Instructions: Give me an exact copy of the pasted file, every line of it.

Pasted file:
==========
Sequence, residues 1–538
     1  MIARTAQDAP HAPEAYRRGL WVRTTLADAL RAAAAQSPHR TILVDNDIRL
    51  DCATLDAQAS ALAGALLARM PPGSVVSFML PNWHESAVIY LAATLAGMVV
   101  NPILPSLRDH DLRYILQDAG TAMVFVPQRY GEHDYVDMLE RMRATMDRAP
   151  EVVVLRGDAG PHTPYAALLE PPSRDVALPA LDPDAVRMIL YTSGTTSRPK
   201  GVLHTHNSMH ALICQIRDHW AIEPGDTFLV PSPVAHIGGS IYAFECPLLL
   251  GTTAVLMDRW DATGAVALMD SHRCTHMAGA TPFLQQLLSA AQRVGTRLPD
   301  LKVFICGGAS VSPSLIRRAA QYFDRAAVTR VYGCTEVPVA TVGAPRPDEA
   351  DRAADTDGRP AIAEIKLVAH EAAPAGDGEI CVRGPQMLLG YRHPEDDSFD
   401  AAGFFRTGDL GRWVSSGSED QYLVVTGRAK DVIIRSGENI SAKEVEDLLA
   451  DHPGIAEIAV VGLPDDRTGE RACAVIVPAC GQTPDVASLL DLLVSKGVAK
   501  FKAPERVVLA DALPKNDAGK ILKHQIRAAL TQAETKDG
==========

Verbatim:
Sequence, residues 1–538
     1  MIARTAQDAP HAPEAYRRGL WVRTTLADAL RAAAAQSPHR TILVDNDIRL
    51  DCATLDAQAS ALAGALLARM PPGSVVSFML PNWHESAVIY LAATLAGMVV
   101  NPILPSLRDH DLRYILQDAG TAMVFVPQRY GEHDYVDMLE RMRATMDRAP
   151  EVVVLRGDAG PHTPYAALLE PPSRDVALPA LDPDAVRMIL YTSGTTSRPK
   201  GVLHTHNSMH ALICQIRDHW AIEPGDTFLV PSPVAHIGGS IYAFECPLLL
   251  GTTAVLMDRW DATGAVALMD SHRCTHMAGA TPFLQQLLSA AQRVGTRLPD
   301  LKVFICGGAS VSPSLIRRAA QYFDRAAVTR VYGCTEVPVA TVGAPRPDEA
   351  DRAADTDGRP AIAEIKLVAH EAAPAGDGEI CVRGPQMLLG YRHPEDDSFD
   401  AAGFFRTGDL GRWVSSGSED QYLVVTGRAK DVIIRSGENI SAKEVEDLLA
   451  DHPGIAEIAV VGLPDDRTGE RACAVIVPAC GQTPDVASLL DLLVSKGVAK
   501  FKAPERVVLA DALPKNDAGK ILKHQIRAAL TQAETKDG